Despite the pandemic and recession, home sales are booming. In fact, demand is outpacing residential construction. The gap between housing needs and housing production has never been wider. A major obstacle to filling it: The nation’s home builders face a severe skilled labor shortage. Some of the jobs that are in highest demand are carpenters, electricians, HVAC and solar installers, plumbers, painters, and masonry workers. In the last six months, unfilled positions in construction have averaged 275,000, according to Robert Dietz, chief economist at the National Association of Home Builders (NAHB).
The unrepealable law of supply and demand is driving up home prices, making the country’s longstanding affordable housing crisis grow even deeper. Meanwhile, a heartbreakingly high number of Americans are losing their jobs in hospitality and other service industries. A disproportionate number of young people, women, minorities, and lower-income adults have been hit the hardest.
A solution to these three, simultaneous problems—unemployment, skilled labor shortages and lack of housing availability—seems obvious. As housing demand soars, the acute labor shortage in the home construction business can provide new opportunities to unemployed workers. Even better, with labor in such short supply, builders must pay more for their workers. And in a pandemic-driven economic downturn nationwide in scope, it’s important to note that the housing shortfall provides these new opportunities in every region of the country.
It’s time for a major national push to train new workers in the skilled building trades. Leaders in housing and workforce training must come together, first to change the perception of trade jobs and then provide the education and resources for those who need and want to enter a new field in this changing economy.
A good place to begin building greater momentum for a cross-industry effort is with state housing finance agencies (HFAs) and local home builder associations (HBAs).
HFAs are state-chartered, nonprofit organizations that provide financing and other services for affordable housing and community development. But they are more than reliable sources of capital in the affordable housing system. Over and over, state HFAs have demonstrated their powerful ability to create nonpartisan coalitions of housing interests in their states, across the entire spectrum of the private, public, and nonprofit sectors. And that’s where they can play a vital role in helping to solve the housing production gap.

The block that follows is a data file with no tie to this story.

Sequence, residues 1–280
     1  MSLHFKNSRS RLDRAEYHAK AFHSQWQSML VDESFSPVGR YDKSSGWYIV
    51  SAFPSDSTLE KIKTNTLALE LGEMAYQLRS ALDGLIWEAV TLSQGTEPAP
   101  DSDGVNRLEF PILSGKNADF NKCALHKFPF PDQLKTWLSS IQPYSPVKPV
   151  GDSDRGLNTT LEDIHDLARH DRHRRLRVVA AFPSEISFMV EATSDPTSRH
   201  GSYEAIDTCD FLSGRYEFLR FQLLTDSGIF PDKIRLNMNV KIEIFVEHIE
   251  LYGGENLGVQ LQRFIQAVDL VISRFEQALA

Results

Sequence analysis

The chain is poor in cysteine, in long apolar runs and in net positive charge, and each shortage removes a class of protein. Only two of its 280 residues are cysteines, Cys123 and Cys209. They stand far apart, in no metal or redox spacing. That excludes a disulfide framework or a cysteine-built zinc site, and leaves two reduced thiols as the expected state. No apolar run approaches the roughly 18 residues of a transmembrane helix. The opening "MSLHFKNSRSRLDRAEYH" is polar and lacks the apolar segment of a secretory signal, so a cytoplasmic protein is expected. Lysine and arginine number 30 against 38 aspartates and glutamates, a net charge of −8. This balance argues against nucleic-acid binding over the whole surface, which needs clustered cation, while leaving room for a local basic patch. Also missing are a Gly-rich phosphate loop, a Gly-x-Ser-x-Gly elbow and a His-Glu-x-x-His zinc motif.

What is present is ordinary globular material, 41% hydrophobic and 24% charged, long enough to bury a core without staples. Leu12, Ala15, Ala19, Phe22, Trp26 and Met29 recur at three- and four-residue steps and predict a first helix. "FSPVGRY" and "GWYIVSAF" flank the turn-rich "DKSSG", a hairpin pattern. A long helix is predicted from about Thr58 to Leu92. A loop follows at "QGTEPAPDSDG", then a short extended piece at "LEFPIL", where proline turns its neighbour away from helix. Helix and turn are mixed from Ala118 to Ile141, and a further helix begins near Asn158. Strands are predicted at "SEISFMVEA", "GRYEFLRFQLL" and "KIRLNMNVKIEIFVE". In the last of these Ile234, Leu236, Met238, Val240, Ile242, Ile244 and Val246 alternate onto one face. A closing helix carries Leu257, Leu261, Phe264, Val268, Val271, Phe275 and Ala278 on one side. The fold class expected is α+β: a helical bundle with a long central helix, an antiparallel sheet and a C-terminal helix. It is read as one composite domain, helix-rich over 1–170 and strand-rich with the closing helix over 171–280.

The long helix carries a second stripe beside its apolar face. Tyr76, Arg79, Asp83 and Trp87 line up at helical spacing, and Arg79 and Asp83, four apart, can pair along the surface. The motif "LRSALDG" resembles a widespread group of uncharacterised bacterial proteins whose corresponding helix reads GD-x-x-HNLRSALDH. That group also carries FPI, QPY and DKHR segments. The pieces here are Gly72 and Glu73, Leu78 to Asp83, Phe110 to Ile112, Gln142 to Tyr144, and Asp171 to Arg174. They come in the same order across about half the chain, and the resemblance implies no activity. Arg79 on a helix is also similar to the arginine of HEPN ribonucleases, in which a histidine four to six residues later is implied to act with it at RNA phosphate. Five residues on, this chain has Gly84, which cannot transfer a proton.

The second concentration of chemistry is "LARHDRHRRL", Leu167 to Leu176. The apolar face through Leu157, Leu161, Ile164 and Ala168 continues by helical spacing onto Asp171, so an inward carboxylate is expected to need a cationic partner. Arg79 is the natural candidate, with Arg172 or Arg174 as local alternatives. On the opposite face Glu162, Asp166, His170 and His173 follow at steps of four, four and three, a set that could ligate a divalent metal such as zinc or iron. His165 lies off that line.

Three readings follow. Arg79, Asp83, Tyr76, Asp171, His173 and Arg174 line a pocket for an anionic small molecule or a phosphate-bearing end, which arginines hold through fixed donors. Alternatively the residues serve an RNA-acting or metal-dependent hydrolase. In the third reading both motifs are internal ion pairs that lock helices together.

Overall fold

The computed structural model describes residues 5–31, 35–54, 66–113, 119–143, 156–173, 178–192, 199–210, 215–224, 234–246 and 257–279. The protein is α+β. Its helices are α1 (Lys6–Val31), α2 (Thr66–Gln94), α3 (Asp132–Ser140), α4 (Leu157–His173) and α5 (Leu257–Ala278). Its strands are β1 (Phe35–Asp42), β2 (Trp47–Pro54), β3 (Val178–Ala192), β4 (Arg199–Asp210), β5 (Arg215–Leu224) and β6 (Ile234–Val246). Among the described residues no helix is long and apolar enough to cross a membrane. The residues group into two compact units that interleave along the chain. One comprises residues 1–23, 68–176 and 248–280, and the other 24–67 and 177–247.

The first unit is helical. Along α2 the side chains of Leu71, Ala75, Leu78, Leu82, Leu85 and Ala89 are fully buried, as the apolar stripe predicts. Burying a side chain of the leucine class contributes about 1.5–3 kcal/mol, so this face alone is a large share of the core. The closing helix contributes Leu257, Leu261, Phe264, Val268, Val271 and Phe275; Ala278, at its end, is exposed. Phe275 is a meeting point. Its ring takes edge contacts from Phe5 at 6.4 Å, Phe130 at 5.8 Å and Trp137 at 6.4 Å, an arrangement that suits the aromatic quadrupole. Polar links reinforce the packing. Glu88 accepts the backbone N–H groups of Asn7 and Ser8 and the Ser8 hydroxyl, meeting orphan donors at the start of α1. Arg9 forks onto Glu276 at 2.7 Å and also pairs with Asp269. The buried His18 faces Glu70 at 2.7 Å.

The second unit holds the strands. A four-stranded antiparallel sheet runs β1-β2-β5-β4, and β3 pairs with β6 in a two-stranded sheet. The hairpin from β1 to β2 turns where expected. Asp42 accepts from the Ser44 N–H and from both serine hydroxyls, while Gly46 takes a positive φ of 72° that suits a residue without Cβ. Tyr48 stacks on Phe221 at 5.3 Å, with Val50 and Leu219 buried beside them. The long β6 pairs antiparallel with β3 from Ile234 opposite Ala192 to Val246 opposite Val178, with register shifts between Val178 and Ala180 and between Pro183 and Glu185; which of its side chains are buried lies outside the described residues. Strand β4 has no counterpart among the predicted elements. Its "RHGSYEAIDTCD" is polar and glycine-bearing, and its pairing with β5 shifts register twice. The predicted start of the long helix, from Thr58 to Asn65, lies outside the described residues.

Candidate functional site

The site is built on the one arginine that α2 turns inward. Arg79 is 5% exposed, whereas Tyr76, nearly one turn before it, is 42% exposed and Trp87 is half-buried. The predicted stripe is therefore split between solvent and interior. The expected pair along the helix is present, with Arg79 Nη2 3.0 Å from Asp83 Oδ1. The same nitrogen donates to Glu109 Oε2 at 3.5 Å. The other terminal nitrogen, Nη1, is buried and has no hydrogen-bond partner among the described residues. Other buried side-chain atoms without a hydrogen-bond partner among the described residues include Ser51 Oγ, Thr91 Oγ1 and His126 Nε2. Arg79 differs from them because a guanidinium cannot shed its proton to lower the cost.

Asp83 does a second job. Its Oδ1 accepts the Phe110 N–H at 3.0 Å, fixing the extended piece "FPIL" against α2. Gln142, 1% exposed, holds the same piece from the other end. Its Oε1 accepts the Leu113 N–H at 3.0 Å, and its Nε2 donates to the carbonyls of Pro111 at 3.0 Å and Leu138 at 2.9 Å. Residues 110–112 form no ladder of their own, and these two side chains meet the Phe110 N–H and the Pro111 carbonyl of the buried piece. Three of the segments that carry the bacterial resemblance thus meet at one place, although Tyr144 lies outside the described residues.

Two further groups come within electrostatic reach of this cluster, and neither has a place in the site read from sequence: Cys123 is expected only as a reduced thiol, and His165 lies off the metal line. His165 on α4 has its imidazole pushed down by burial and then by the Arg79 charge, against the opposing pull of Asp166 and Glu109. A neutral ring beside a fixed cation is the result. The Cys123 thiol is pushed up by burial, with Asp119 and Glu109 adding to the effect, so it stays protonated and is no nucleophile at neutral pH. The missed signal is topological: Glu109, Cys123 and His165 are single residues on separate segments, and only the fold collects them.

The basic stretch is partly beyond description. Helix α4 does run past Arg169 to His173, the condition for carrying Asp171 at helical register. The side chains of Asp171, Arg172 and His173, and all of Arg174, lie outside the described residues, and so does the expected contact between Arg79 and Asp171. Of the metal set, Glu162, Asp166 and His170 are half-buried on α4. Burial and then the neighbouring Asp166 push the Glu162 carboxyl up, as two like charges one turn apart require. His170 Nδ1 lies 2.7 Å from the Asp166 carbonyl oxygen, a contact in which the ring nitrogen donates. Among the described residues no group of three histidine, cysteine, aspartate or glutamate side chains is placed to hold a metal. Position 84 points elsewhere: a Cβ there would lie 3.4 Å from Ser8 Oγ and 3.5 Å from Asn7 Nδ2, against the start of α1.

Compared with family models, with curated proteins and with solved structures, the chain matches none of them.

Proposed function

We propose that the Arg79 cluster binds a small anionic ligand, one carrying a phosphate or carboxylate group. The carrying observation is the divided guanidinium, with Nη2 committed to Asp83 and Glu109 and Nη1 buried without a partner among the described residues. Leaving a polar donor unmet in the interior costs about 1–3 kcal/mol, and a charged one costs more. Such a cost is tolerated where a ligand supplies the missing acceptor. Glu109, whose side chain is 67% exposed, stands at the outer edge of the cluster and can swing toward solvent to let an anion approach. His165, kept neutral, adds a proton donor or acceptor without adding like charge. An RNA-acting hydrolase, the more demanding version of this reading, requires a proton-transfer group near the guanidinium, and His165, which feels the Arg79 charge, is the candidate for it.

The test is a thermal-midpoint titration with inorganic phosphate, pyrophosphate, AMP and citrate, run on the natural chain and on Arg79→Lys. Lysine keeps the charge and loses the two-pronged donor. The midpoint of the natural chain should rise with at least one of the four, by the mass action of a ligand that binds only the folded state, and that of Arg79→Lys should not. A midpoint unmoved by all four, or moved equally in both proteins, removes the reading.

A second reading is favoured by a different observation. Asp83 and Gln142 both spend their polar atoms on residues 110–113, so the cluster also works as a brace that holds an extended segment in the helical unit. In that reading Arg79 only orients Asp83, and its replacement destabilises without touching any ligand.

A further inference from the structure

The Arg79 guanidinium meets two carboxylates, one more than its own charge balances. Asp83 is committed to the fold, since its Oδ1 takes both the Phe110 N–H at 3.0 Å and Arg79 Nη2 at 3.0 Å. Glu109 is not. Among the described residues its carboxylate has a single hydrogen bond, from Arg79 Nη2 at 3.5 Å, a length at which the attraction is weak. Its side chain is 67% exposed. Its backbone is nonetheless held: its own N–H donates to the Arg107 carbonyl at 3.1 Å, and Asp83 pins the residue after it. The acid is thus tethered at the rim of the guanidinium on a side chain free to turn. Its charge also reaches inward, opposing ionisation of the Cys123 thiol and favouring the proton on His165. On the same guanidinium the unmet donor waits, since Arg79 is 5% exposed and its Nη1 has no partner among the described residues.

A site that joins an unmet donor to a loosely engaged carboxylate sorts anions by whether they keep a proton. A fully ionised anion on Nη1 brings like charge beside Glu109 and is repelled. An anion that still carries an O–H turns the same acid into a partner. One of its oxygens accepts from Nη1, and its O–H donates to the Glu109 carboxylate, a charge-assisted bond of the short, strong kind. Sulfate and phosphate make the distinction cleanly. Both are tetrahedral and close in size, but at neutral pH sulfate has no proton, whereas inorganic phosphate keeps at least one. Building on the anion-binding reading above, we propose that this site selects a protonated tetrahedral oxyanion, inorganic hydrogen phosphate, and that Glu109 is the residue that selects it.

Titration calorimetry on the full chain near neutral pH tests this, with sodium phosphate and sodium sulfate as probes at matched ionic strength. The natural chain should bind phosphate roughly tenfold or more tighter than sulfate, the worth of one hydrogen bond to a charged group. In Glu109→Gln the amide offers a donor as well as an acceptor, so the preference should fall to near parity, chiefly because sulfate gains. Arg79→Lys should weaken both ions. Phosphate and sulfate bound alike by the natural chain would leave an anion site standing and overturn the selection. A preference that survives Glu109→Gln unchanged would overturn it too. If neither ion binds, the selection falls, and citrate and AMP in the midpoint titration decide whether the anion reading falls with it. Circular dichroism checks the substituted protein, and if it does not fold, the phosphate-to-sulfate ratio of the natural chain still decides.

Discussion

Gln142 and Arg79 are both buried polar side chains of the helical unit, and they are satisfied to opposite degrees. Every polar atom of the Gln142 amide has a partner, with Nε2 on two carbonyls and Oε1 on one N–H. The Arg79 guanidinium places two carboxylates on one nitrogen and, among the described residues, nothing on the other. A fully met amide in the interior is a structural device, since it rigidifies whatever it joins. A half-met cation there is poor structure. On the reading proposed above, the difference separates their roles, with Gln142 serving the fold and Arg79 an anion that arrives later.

What can state HFAs do? To start, they can make workforce development a major priority. For example, in Memphis, Tennessee, the Tennessee Builders Education Foundation (TBEF) launched its trade skills training program in 2019 with seed money granted by the Tennessee Housing Development Agency. TBEF started with three high schools where Black students were in the majority. More than 150 students quickly enrolled. By the spring of 2020, another three high schools were added and a total of 248 students were learning building trades. While the pandemic forced Shelby County schools to close before students could complete their training, TBEF board member Keith Grant invited program participants to meet with him and his subcontractors. Several dozen accepted the invitation, and all of them left with job offers.
Likewise, HBAs, which form a nationwide network of the membership groups that organize home builders at the local level, can play an important role as well. They know their markets backward and forward, and they can match the labor needs of builders and subcontractors with a steady supply of newly trained workers. Many HBAs already are working with some of the nation’s leading nonprofits for training in the skilled trades. The Home Builders Institute (HBI), historically renowned in the construction industry for its training curricula, is making significant inroads—stepping up its efforts to join forces with local school systems, state HFAs, and other state-based organizations to help close the skilled labor gap. HBI, in partnership with the NAHB, has pledged to train 50,000 workers over five years to prepare students for building industry careers and meet the demand for skilled labor. The organization’s placement rate among students is more than 85%. With greater partnerships with state HFAs, and other state, regional, and local groups, it can be even higher.
Yes, the housing market is roaring. Economists expect a pent-up demand to last. But with the shortage of skilled labor, the nation simply cannot build enough homes to satisfy the needs of those seeking homeownership,
The choice is clear. To build homes, especially when the economy rebounds and demand grows even stronger, America needs more skilled workers now, particularly those who are newly trained, who have not traditionally been part of the construction workforce, and who have been inordinately affected by the pandemic and recession. Workers trained in the building trade skills increase productivity, which lowers costs to consumers. Home builders and their local associations, and state housing finance agencies, all working together to support skills training of young men and women now will mean more good jobs and a larger supply of affordable housing in an economic recovery.